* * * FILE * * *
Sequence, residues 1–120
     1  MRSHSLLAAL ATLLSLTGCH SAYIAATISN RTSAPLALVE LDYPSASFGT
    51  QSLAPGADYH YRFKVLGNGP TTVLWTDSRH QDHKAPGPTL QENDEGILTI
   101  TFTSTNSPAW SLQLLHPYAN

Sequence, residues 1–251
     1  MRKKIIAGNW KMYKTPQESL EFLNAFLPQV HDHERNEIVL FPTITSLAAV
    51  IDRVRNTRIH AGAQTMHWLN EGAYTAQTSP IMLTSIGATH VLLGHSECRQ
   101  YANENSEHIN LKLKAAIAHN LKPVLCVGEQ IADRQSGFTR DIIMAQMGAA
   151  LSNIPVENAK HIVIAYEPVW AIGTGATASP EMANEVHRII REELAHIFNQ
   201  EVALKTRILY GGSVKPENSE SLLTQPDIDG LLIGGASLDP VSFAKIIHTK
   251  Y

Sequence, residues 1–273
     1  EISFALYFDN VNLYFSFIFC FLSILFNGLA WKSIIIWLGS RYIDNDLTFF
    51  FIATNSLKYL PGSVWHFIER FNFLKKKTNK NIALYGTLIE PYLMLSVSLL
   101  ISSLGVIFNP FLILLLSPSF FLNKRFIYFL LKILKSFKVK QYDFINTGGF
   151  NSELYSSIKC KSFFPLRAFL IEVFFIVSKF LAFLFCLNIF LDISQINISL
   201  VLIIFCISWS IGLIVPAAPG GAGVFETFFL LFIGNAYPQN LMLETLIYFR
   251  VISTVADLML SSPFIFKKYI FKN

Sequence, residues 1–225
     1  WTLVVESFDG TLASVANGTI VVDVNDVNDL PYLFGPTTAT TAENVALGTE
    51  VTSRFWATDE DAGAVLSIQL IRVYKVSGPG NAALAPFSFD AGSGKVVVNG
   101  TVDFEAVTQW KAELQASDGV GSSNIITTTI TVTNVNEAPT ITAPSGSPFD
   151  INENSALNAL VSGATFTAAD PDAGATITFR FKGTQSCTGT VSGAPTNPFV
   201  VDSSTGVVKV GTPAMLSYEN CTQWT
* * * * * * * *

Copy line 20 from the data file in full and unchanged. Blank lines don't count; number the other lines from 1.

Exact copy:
     1  WTLVVESFDG TLASVANGTI VVDVNDVNDL PYLFGPTTAT TAENVALGTE